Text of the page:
Conservatism, Kirk explained, is neither a doctrine nor a dogma, but “a way of looking at the civil social order.” Still, from looking at the “leading conservative writers and public men” from “the past two centuries,” Kirk gathered ten principles that distinguish conservatism as the intellectual tradition that it is.
First, there is “an enduring moral order” of both “the soul” and “the commonwealth.” It is at our peril, conservatives insist, that we ignore this order.
Second, “custom, convention, and continuity” constitute the glue that keeps us together.
Custom “enables people to live together peaceably,” convention helps us “to avoid perpetual disputes about rights and duties,” and continuity “is the means of linking generation to generation.”
Third, prescription—“things established by immemorial usage”—is the stuff of which a flourishing civil society is made.
Since we are not likely “to make any brave new discoveries in morals or politics,” since we are “dwarfs on the shoulders of giants, able to see farther than [our] ancestors only because of the great stature of those who have preceded us in time,” we are best served by following the prescriptions of thousands of generations.
Fourth, prudence is a cardinal virtue.
Change is needed if society is to preserve itself, but prudence demands that we attend to it cautiously, and only after considerable reflection. “Sudden and slashing reforms are as perilous as sudden and slashing surgery.”
Fifth, variety is both necessary and desirable.
Conservatives “feel affection for the proliferating intricacy of long-established social institutions and modes of life [.]” On the other hand, they abhor “the narrowing uniformity and deadening egalitarianism of radical systems.”
The sixth principle is that of human imperfectability.
Because human beings suffer “irremediably from certain grave faults,” the best “that we reasonably can expect is a tolerably ordered, just, and free society, in which some evils, maladjustments, and suffering will continue to lurk.”
Seventh, freedom and property are indissolubly linked.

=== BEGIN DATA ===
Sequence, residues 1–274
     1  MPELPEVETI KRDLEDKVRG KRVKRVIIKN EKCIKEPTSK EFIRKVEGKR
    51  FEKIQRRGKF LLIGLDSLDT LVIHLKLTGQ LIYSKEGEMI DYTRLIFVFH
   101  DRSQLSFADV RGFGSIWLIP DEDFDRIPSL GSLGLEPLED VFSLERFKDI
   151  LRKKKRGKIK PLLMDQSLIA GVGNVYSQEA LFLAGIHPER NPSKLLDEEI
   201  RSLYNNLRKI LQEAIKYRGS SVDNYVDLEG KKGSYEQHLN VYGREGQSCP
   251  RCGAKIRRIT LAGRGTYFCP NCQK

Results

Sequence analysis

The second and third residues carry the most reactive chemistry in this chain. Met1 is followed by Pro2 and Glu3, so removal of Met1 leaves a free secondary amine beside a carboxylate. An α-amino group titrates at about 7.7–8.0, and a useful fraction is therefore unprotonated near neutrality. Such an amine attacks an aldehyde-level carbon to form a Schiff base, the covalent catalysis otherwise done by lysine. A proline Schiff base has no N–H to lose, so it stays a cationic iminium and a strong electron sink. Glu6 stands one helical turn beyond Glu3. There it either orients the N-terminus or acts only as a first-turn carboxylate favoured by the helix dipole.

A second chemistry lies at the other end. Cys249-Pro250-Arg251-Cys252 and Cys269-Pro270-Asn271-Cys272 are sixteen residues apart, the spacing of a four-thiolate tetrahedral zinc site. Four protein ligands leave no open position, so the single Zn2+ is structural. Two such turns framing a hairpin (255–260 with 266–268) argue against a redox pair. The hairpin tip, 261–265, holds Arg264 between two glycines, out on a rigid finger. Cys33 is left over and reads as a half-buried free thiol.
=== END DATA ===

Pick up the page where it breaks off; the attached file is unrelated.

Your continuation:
“Upon the foundation of private property, great civilizations are built,” Kirk writes. He adds: “Separate property from private possession, and Leviathan [the government] becomes master of all.”
Eighth, “voluntary community” is as essential to the civil order as “involuntary collectivism” is destructive of it.
Duty and virtue are learned within our local communities—our “little platoons,” as “the patron saint” of modern conservatism, Edmund Burke, famously called them. But when, “in the name of an abstract Democracy, the functions of community are transferred to distant political direction,” this centralization of authority and power proves “hostile to freedom and human dignity.”
Ninth, there must be “prudent restraints upon power and upon human passions.”
Kirk notes that “political power” must be “balanced” so as to prevent both “anarchy” and “tyranny,” both the unbounded will of the individual and that of any group. To this end, “constitutional restrictions, political checks and balances, adequate enforcement of the laws,” and “the old intricate web of restraints upon will and appetite” are indispensable.
The tenth and final principle of the conservative attitude concerns the affirmation and harmonizing of “permanence and change” in “a vigorous society.”
Kirk succinctly summarizes this principle when he writes: “The conservative takes care that nothing in a society should ever be wholly old, and that nothing should ever be wholly new. This is the means of the conservation of a nation, quite as it is the means of conservation of a living organism.”
If today’s conservatives are serious about wanting to return to “the roots” of their tradition, then they have no option but to familiarize themselves with Russell Kirk.
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Posted by JR at 12:34 AM